English Express Track , , or before beginning the credit English courses required for the chosen program of study, a student may opt to enroll in the English Express Track course, . The English Express classes meet on a regular 2-day or 3-day/week schedule in a computer lab. Each class period consists of a targeted mini-lecture based on student needs, work on writing assignments, and online work on students’ individualized learning plans.
If COMPASS test scores indicate a student needs a pre-curriculum English course, such as
What is Express Track?
Express Track classes utilize the MyFoundationsLab software in a computer lab setting. After completing a diagnostic test to determine exactly what he/she knows and doesn’t know, each student will be placed on an individualized “Learning Path.” These classes are designed to take the instructors “off the stage” and put them in the classroom to offer individualized, on-demand instruction based on individual student needs.
Why Express Track?
Express Track students spend more than 80% of their time actually doing math and English work. Because they will be practicing, learning, and mastering what they individually need to know, students can progress through as much of their pre-curriculum sequence as possible and move into the credit classes required for their programs more quickly.
After Express Track
A student’s math and/or English placement after completing the Express Track experience is based on successful completion of the modules on his or her Learning Path. Because of the individualized nature of the Express Track, students exit at different levels. The class instructor or a Comprehensive Studies advisor will help students determine their next steps.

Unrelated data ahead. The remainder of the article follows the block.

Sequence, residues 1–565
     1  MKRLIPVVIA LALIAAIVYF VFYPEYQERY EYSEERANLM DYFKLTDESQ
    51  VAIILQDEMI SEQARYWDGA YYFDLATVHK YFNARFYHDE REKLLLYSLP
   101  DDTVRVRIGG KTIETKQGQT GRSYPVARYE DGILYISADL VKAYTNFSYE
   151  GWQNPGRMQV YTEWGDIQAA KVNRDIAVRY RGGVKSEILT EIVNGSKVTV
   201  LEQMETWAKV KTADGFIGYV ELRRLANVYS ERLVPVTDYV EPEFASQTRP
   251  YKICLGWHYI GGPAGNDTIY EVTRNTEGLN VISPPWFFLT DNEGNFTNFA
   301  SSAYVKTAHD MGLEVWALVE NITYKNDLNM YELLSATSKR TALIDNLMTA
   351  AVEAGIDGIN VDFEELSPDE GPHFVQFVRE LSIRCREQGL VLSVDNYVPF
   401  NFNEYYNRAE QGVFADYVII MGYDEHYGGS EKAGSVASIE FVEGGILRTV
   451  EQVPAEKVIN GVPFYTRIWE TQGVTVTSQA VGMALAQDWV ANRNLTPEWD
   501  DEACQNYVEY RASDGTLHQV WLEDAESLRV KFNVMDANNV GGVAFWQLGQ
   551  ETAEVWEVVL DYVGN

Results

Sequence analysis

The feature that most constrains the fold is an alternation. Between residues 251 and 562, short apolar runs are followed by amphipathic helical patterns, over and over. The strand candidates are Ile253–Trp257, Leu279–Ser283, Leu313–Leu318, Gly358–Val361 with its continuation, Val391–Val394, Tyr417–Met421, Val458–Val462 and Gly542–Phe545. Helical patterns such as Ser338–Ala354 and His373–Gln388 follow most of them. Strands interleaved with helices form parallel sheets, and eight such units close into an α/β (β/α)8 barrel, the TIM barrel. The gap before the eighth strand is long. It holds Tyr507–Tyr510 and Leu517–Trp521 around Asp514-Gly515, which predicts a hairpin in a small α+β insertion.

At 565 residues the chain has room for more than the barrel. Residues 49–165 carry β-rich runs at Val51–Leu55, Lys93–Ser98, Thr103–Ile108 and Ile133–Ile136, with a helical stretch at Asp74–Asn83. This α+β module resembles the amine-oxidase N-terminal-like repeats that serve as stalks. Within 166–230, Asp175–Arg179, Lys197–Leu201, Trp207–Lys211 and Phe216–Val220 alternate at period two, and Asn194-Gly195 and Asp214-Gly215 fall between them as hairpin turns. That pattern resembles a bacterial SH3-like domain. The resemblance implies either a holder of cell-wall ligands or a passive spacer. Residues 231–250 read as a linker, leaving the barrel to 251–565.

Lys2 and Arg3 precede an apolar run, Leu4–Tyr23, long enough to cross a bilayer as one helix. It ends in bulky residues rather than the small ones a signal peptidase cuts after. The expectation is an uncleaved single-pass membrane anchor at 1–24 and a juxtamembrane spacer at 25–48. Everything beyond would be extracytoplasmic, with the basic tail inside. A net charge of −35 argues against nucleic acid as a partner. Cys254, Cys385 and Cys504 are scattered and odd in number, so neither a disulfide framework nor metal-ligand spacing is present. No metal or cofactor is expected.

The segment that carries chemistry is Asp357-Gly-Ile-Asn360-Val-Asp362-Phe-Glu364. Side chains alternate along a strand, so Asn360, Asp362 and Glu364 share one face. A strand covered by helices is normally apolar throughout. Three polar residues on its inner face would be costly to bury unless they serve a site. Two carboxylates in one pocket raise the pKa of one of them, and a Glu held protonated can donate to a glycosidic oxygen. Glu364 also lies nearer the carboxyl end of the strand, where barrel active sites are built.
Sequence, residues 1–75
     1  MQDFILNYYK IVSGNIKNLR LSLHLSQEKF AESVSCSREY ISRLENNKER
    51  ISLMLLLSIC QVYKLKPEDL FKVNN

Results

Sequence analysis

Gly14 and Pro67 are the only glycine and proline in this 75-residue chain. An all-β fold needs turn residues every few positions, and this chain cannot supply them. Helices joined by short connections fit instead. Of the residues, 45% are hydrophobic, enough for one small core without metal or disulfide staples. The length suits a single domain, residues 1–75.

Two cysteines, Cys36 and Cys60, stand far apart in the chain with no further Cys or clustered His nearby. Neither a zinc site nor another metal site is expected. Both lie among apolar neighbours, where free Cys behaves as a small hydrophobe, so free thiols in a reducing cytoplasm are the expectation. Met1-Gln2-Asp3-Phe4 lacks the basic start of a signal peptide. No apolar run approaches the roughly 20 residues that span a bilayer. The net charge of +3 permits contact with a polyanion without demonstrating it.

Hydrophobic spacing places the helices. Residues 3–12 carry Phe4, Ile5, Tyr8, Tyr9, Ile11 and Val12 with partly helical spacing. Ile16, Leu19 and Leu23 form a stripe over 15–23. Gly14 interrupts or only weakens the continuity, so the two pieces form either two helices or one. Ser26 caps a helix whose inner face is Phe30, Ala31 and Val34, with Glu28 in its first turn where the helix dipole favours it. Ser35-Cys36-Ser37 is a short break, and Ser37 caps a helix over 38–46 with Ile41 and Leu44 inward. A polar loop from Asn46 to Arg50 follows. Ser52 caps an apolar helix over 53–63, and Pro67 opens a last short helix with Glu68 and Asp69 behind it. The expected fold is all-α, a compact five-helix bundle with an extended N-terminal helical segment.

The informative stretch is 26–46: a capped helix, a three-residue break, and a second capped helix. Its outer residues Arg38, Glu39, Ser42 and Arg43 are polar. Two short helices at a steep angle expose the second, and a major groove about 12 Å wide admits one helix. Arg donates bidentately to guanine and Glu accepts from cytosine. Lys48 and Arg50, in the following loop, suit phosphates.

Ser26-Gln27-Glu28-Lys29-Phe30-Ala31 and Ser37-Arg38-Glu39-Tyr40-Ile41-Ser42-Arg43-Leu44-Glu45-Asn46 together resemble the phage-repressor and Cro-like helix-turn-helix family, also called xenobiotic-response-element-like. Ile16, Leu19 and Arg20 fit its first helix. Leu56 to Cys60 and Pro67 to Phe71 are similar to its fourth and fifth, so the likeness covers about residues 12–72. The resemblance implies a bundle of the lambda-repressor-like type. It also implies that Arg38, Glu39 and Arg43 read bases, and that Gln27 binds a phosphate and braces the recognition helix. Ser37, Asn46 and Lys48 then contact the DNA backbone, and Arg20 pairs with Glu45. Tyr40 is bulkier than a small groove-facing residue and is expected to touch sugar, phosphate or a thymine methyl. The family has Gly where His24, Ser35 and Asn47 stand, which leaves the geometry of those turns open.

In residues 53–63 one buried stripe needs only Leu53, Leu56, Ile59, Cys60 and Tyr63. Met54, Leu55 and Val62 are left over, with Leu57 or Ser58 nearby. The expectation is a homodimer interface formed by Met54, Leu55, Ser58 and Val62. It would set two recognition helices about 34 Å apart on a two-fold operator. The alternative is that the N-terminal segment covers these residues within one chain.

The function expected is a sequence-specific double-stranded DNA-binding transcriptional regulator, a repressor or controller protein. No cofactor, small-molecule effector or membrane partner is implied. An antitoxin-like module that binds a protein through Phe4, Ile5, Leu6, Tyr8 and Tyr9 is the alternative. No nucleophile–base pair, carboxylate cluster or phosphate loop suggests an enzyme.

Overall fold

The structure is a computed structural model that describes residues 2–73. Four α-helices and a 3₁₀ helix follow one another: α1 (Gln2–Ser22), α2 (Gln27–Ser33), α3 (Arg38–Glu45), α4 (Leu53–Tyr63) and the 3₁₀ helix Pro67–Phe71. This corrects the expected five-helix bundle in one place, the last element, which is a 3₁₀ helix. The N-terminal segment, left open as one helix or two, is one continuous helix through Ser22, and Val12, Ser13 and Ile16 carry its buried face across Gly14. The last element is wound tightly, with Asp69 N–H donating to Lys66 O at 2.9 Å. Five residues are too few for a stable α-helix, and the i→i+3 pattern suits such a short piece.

MyMathTest is an online system for diagnosing and refreshing knowledge of mathematics. It contains two programs for students to use to refresh math skills to prepare for the COMPASS Math Placement test. If a student is interested in the possibility of self-remediation via this tool, he or she should contact the Comprehensive Studies Department.
Learning Communities (Freshman Seminar). A linked learning community consists of one or two academic courses linked to a (Freshman Seminar). Students not already enrolled in a learning community, but who think they would like to be now or in the future, should speak to their advisors.
The Comprehensive Studies Department offers a variety of learning communities featuring both developmental courses and Freshman Seminar. Learning communities are courses that provide students with a community environment made up of their peers. Learning communities increase students’ ability to accomplish their academic and personal goals, along with providing them with a network to form friendships that can help them adjust to the college environment academically and socially. Some of these communities are themed, some are linked, and some are both. A thematic learning community is simply linked experiences centered on specific topics that are embedded in the curriculum of